Two years ago, the outbreak of a mysterious virus captivated the world. First detected in the state of Veracruz, Mexico in April 2009, the virus hopscotched from country to country leaving a trail of death and panicked citizens. Concerned that the virus would continue to spread, world governments banned travel to affected nations and urged citizens to take precautionary measures. U.S. Vice President Biden told citizens not to take mass transit. Airports installed thermal scanners to detect and quarantine infected travelers. Thousands donned surgical masks. Despite these precautions, two months after the virus's discovery, public health authorities diagnosed a full-fledged world pandemic. The Center for Disease Control predicted infection in half the U.S. population and up to 90,000 deaths.
In order to limit the virus's reach, scientists tried to figure out what caused the virus in the first place and which measures would halt its progress. A research team developed a detailed family tree for the virus, tracing its origin to birds, then pigs, and then humans.6 Their research showed that the virus had eight genetic segments, six from swine flu viruses and two from Eurasian bird flu viruses. Once they understood the virus's story of origin, scientists concluded that it represented an entirely new strain of H1N1 influenza, one against which current seasonal vaccines would not protect. A new vaccine was developed that successfully warded off the virus. Other scientists studied the early course of the disease, determining that it was commonly transmitted through contact at schools. As a result, many schools temporarily closed, thereby reducing its spread through the population. By February 2010, flu activity in the United States had fallen below average annual totals and most Americans believed that the threat from the virus had ended.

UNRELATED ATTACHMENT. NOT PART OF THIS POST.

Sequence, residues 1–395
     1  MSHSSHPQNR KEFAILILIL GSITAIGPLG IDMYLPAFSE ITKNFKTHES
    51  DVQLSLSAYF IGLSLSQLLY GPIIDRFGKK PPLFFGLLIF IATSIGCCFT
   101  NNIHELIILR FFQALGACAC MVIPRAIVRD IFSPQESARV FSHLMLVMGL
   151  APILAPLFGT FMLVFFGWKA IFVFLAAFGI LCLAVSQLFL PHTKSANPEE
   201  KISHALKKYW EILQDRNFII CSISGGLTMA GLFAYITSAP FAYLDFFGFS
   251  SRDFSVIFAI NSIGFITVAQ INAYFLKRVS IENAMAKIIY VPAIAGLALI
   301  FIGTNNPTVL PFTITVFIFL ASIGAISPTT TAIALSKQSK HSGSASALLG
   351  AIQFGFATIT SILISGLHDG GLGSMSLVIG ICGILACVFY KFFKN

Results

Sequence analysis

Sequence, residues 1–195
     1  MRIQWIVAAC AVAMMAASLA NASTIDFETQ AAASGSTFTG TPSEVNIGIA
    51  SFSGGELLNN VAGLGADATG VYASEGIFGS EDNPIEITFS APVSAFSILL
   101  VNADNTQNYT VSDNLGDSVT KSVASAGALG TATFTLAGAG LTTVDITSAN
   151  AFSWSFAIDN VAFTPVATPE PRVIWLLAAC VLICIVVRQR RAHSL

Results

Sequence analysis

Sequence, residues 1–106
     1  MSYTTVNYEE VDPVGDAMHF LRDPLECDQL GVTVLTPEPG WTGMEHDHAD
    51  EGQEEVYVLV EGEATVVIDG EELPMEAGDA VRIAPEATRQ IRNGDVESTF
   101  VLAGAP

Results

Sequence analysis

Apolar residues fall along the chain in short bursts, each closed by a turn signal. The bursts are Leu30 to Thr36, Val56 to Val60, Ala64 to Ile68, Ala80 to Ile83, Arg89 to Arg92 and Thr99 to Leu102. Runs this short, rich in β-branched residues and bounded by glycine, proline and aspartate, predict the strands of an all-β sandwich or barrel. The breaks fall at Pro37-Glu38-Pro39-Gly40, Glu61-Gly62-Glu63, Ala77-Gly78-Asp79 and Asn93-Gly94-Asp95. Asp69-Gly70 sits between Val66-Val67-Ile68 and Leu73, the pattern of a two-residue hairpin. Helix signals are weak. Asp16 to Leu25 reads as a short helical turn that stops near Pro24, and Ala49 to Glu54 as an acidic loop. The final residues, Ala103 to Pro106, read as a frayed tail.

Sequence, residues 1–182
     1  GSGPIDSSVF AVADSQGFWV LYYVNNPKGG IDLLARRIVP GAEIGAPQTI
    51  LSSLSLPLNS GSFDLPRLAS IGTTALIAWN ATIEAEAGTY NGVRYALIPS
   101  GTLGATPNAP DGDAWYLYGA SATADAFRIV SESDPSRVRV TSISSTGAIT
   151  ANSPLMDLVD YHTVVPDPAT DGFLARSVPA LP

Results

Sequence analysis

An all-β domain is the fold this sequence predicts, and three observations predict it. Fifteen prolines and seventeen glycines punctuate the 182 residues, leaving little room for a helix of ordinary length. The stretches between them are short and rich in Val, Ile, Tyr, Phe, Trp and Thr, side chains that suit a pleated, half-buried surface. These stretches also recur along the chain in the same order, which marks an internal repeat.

Mark Bartholonew and Patrick F. McArdle,
64 Vanderbilt Law Review
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